Saturday, June 18, 2005

We Need More Women In Combat

Women have been in combat, as victims, since the beginning of time. Now in the coalition armies, they have guns and can fight back and win. We should build on that, not bemoan it.

Here's a report on Sergeant Hester's citation.

Caught in an ambush south of Baghdad the soldier, a sergeant in the military police, helped to rally the 10 servicemen in a unit protecting an unarmed supply convoy. They were attacked by rocket propelled grenades before they launched an assault on the two ditches from which insurgents were firing.

The citation says the trooper maneuvered the team through the kill zone into a flanking position before assaulting a trench line with grenades and rounds.

Throwing grenades and shooting an automatic rifle, the trooper killed three of the enemy, helped to force the rest to flee and then turned to provide medical aid to fallen comrades.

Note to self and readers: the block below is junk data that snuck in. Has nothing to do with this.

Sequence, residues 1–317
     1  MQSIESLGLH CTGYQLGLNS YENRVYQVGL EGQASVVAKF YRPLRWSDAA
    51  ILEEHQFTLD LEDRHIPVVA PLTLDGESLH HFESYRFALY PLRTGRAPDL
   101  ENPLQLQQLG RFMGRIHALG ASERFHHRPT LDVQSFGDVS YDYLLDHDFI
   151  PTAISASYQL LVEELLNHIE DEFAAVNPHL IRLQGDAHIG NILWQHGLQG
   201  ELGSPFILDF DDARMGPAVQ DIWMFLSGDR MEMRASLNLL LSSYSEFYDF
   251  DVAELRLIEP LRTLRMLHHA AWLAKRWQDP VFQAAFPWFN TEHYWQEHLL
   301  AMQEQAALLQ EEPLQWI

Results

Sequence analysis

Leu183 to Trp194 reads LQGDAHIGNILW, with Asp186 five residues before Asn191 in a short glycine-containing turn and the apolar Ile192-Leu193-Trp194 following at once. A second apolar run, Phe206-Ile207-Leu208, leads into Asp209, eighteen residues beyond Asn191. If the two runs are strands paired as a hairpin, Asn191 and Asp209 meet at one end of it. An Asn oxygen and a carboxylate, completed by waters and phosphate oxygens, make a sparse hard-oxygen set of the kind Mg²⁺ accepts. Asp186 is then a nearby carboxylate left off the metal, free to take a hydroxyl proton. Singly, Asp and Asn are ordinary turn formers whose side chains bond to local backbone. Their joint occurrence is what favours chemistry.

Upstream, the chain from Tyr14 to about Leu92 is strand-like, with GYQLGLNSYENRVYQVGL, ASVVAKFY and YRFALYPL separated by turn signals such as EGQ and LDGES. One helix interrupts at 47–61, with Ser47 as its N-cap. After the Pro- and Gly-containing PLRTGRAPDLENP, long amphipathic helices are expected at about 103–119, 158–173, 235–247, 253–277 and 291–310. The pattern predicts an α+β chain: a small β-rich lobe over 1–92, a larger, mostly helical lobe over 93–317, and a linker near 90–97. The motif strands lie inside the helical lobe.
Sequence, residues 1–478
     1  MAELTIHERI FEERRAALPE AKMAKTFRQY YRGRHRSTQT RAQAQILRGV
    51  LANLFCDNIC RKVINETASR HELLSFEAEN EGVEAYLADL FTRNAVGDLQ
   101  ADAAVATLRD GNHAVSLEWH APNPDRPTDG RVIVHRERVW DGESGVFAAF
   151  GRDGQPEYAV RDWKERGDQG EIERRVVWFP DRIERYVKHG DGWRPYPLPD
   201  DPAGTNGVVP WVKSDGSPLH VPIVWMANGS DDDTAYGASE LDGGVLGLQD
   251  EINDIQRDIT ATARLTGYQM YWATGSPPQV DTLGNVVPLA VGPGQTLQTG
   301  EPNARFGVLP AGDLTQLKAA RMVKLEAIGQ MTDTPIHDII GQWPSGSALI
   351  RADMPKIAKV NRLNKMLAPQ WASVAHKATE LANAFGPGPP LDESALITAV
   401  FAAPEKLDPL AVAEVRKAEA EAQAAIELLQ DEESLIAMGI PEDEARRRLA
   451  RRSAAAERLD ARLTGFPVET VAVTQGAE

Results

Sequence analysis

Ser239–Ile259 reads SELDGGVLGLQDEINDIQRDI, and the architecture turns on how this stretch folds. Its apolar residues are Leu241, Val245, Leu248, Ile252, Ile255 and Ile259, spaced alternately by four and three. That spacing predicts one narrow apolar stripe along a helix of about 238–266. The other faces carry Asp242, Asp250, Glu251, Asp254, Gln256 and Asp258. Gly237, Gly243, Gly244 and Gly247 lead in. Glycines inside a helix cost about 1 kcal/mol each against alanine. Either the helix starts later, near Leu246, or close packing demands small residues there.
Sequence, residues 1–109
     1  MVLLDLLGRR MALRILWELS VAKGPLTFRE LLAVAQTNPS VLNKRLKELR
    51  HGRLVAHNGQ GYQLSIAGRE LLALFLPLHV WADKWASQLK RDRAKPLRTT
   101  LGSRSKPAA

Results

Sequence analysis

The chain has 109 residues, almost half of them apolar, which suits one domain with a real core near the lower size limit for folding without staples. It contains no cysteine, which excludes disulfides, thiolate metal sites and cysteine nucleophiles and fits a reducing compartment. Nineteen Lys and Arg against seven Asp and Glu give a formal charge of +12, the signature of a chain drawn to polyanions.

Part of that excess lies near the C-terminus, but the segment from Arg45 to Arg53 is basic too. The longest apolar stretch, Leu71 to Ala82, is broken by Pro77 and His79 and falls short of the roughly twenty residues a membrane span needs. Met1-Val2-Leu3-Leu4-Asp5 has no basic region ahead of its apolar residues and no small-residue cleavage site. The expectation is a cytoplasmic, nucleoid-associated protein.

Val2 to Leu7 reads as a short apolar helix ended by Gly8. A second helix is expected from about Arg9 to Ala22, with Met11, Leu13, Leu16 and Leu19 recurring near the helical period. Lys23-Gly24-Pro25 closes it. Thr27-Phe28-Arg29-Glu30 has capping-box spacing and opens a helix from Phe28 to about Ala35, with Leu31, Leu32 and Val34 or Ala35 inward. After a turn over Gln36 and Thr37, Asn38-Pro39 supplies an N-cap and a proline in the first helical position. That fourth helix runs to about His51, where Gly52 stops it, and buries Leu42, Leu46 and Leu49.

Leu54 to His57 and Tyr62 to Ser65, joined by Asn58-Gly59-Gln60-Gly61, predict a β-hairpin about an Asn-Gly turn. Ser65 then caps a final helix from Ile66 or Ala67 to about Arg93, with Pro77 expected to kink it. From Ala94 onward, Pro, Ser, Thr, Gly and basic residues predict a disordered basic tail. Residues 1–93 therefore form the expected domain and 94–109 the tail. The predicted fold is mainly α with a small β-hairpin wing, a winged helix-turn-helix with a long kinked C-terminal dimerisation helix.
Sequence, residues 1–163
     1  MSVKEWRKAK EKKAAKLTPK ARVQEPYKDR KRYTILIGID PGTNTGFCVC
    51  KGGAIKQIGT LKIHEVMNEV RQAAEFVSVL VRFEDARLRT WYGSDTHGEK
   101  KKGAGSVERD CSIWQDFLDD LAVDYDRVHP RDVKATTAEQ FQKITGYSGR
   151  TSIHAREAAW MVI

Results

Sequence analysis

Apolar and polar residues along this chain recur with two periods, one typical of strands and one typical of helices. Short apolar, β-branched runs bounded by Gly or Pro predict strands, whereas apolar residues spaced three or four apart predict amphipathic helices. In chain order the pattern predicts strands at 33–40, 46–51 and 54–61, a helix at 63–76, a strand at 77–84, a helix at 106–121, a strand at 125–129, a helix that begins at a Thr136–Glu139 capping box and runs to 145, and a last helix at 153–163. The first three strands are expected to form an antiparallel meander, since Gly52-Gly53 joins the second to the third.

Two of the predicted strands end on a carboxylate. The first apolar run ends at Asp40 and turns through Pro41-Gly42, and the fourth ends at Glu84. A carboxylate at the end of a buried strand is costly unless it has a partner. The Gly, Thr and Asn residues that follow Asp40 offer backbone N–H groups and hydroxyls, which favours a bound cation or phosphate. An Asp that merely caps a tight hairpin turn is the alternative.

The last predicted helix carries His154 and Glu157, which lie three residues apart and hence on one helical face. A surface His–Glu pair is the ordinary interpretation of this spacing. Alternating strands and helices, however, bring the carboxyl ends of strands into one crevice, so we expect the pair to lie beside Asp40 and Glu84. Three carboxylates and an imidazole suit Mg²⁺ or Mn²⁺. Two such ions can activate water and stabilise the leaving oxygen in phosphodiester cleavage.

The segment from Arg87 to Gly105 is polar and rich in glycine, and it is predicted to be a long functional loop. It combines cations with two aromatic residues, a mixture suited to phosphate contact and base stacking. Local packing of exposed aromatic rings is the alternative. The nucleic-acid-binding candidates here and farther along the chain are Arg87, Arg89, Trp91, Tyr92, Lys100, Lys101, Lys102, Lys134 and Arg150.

But she's Leigh Anne Hester, from Lincoln's Bluegrass State, Kentucky. And the story describes attempts to remove women from combat.

The award to 23-year-old Leigh Anne Hester has focused attention on the dangers female soldiers are facing in Iraq at the very time when political moves are under way to ensure another woman does not repeat her heroics.

Pre 9/11, I'd have agreed with this. Women carry the future of the race, male chivalry is probably genetic since males are more expendable. But women are tough - plenty of my professional colleagues, particularly in the US, have been mentally and physically tougher than their male equivalents.

Closer home, the fragrant Mrs G is more ruthless in a fight than me, and devastatingly accurate with a 45 Magnum. Because modern weapons are equalizers - a small woman with a chain gun and night vision can (and in Iraq often does) kill dozens of male assailants.

Now, after 9/11, we face an enemy that makes us all targets: old, young, men and women. Following the doctrine on "asymmetric warfare", they go for soft targets: teenagers in nightclubs, women at prayer, old men at funeral services, military supply columns.

I don't suggest infantry assignments - most women I know would have a hard time not washing for weeks. But force protection and occupation roles don't have that requirement.

So, let's make the soft targets hard. And train and arm women and respect them as soldiers.